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Solemnity of the Assumption of Mary

August 15, 2023
Represión: Las madres y la montada. Eduardo Longoni, 1982.

Today’s Invitation

Today, we invite you to explore Mary, the Magnificat, and the Church’s use of Mary to oppress women; engage Catholic Social Teaching’s helpful and unhelpful views on women’s roles; and embody mothers’ and women’s actions given their situations with the help of  Los madres de Plaza de Mayo (Mothers of the Plaza de Mayo) and Cindy Wang Brandt.

Commentary by Monica Lundberg

Solemnity of the Assumption of Mary

Reading 1

Revelation 11:19; 12:1-6, 10

I, John, had this vision:
God’s Temple in heaven opened
and in the Temple could be seen the Ark of the Covenant.
There were flashes of lightning and peals of thunder,
an earthquake, and a violent hailstorm.
A great sign appeared in the sky:
a woman clothed with the sun,
with the moon under her feet
and on her head a crown of twelve stars.
She was pregnant, and she cried out in pain as she labored to give birth.
Then another sign appeared in the sky:
a huge red dragon, with seven heads and ten horns;
on its heads were seven crowns.
Its tail swept a third of the stars from the sky
and hurled them down to the earth.
Then the dragon stood before the woman about to give birth,
ready to devour her child when it should be born.
She gave birth to a child — destined to shepherd all the nations with an iron rod.
Her child was caught up to God and to God’s throne.
The woman herself fled into the desert,
where a special place had been prepared for her by God;
there she was taken care of for twelve hundred and sixty days.

Then I heard a loud voice in heaven say,
“Now have salvation and power come,
the reign of Our God and the authority of God’s Messiah.
For the accuser of our sisters and brothers is cast out,
who night and day accused them before our God.”

Responsorial Psalm

Psalm 45

Response: At your right hand stands the queen in gold of Ophir.

At your right hand stands the queen / in gold of Ophir.
R: At your right hand stands the queen in gold of Ophir.

Hear, O daughter, consider, and incline your ear
Forget your people and your ancestor’s home.
R: At your right hand stands the queen in gold of Ophir.

And the sovereign will desire your beauty.
R: At your right hand stands the queen in gold of Ophir.

With joy and gladness they are led along / as they enter the palace of the sovereign.
R: At your right hand stands the queen in gold of Ophir.

Reading 2

1 Corinthians 15:20-26

But as it is, Christ has in fact been raised from the dead,
the first fruits of those who have fallen asleep.
For since death came through one human being,
in the same way the resurrection of the dead
has come through one human being.
Just as in the first humans all die, so in Christ all will come to life again,
but all of them in their proper order:
Christ as the first fruits,
and then the faithful when Christ comes again.
After that will come the end,
when Christ hands over the kindom to God the Creator,
having done away with every sovereignty, authority and power.
Christ must reign until God has put all enemies under Christ’s foot,
and the last enemy to be destroyed is death.


Luke 1:39-56

Within a few days, Mary set out
and hurried into the hill country to a town of Judah,
where she entered Elizabeth’s and Zechariah’s house.
Mary greeted Elizabeth.
As soon as Elizabeth heard Mary’s greeting,
the child leaped in her womb,
and Elizabeth was filled with the Holy Spirit.
In a loud voice she exclaimed,
“Blessed are you among women,
and blessed is the fruit of your womb!
But why am I so favored,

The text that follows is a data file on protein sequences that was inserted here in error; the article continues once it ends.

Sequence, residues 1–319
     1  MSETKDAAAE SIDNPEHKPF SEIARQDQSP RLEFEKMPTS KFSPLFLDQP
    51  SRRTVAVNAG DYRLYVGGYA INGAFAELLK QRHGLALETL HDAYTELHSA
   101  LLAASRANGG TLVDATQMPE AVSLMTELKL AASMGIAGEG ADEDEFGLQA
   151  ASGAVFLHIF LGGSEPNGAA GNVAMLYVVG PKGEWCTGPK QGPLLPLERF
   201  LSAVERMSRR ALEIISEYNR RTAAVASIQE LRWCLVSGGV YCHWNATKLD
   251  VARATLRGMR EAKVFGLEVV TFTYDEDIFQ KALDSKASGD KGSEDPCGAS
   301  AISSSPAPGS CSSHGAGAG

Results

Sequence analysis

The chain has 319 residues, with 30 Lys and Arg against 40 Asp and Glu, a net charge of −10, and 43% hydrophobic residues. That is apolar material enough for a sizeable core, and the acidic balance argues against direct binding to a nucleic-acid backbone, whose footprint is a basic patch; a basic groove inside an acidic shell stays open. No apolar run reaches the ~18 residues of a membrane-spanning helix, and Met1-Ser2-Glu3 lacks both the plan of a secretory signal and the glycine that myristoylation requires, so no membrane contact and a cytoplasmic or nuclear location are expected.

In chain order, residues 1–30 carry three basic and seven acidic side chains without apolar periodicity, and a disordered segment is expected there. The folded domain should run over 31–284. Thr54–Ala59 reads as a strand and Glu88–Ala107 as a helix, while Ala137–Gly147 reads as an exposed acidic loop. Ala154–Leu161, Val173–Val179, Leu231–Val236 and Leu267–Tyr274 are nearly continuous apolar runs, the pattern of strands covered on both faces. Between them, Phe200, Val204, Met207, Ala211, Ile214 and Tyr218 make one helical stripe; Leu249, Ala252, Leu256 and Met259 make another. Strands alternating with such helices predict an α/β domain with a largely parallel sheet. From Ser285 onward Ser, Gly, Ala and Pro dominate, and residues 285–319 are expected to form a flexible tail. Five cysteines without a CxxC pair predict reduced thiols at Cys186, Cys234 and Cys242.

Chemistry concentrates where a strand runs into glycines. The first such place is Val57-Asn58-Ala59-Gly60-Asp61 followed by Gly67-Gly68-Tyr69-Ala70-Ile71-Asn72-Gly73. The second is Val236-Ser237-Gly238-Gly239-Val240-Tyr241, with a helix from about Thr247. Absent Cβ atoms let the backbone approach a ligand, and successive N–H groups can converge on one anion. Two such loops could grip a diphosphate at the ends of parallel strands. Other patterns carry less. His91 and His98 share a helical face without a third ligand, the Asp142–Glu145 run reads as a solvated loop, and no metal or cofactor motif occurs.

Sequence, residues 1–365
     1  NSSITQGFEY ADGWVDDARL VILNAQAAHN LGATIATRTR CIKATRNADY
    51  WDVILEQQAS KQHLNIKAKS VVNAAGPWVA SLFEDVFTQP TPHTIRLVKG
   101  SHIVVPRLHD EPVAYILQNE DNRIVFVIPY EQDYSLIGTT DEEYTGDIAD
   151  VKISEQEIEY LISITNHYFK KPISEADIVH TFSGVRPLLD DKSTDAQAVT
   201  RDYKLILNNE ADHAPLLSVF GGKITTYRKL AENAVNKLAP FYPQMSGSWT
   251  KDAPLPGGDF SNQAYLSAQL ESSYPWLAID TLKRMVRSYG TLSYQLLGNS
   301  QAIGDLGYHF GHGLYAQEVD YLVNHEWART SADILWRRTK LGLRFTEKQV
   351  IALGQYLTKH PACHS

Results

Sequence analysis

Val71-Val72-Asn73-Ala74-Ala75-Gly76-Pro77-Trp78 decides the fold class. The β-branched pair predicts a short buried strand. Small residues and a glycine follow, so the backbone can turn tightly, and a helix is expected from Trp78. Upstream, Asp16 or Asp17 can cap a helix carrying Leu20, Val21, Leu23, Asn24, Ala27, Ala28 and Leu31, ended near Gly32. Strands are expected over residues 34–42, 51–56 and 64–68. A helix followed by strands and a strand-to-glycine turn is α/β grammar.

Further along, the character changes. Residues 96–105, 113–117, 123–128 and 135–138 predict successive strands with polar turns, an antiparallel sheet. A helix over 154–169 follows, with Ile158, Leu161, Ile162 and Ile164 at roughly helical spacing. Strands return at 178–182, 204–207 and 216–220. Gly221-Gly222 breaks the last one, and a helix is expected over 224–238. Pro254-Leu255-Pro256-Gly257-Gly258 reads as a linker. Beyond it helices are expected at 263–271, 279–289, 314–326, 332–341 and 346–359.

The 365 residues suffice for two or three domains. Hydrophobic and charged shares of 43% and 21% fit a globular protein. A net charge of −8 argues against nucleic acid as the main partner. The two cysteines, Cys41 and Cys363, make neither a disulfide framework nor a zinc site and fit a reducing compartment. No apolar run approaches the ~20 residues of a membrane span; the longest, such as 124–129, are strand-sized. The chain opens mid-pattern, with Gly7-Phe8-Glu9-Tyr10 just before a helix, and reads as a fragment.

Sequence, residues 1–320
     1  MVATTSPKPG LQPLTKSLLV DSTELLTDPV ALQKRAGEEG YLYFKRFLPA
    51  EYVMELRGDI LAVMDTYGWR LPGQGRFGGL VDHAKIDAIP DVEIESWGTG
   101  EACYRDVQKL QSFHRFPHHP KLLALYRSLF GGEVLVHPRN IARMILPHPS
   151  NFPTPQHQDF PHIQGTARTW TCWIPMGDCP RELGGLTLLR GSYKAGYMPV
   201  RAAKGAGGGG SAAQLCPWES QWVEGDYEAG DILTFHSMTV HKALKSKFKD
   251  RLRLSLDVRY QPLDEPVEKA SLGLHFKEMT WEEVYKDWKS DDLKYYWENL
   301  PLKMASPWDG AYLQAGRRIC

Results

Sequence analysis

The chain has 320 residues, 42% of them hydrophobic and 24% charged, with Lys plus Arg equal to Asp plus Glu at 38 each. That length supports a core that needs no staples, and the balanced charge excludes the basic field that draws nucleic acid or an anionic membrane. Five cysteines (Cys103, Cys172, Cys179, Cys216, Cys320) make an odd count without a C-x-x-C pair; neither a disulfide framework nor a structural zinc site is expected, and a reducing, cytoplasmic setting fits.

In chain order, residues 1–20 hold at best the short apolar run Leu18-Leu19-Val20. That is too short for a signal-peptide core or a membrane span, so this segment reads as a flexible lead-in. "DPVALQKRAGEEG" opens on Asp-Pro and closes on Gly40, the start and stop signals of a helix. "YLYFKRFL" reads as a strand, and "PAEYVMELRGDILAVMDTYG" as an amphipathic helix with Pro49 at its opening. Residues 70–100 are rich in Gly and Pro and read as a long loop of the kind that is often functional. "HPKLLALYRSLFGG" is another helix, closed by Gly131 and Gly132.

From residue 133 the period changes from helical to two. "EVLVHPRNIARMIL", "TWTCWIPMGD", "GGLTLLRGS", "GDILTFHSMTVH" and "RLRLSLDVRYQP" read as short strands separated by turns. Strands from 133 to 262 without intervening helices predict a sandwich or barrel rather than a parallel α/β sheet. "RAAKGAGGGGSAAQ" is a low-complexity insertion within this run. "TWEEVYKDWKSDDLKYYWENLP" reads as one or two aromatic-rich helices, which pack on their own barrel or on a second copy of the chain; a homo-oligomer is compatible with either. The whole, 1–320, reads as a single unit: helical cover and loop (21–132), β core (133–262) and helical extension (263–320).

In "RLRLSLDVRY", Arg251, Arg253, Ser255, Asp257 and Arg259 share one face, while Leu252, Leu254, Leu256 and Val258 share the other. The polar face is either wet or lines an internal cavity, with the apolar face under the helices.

that the mother of the Messiah should come to me?
The moment your greeting reached my ears,
the child in my womb leaped for joy.
Blessed is she who believed
that what our God said to her would be accomplished.”

Mary said,

“My soul proclaims your greatness, O God,
and my spirit rejoices in you, my Savior.
For you have looked with favor
upon your lowly servant,
and from this day forward
all generations will call me blessed.
For you have done great things for me,
and holy is your Name.
Your mercy reaches from age to age
for those who fear you.
You have shown strength with Your arm;
you have scattered the proud in their conceit.
You have deposed the mighty from their thrones,
and raised the lowly to high places.
You have filled the hungry with good things,
while you have sent the rich empty away.
You have come to the aid of Israel your servant,
mindful of your mercy—
the promise you made to our ancestors—
to Sarah and Abraham
and to their descendants forever.”

Mary stayed with Elizabeth about three months and then returned home.

The Inclusive Lectionary © 2022 FutureChurch. All rights reserved. 

The inclusive language psalms:
Leach, Maureen, O.S.F. and Schreck, Nancy, O.S.F., Psalms Anew: A Non-sexist Edition
(Dubuque, IA: The Sisters of St. Francis, 1984).
Used with permission.



Mary’s Agency

The Gospel passage read for the Assumption joins Luke’s infancy narrative in the middle of the story – a story most of us learn as children as a tidy Christmas pageant, amalgamated and simplified. Mary, the lead character in this pageant, is idealized, whether as a serene and silent vessel or a pious and willing disciple. In her book, Mary Mother of Martyrs: How Motherhood Became Self-Sacrifice in Early Christianity, Kathleen Gallagher Elkins discusses how theologians have sought to combine the Gospel stories about Mary into a unified narrative, an exercise that has led to the promulgation of “Mary – both mother and virgin – as the paradigmatic impossible ideal” (5). Citing the work of dozens of scholars, she describes traditional Mariology, which emphasizes Mary’s obedience, humility, passivity, and self-sacrifice as the essential qualities of good Christian women and mothers – qualities that have been, and continue to be, used explicitly and implicitly to oppress women. She contrasts this with a description of how feminist theologians have focused on questions of Mary’s agency, reframing Mary as the ideal disciple. In practice, however, this view of Mary can easily become simply another impossible standard by which to measure women. Gallagher Elkins then proposes a more expansive reading of the Gospels via a lens of community, examining Mary’s response to specific contexts and the connections between Mariology and maternal activism.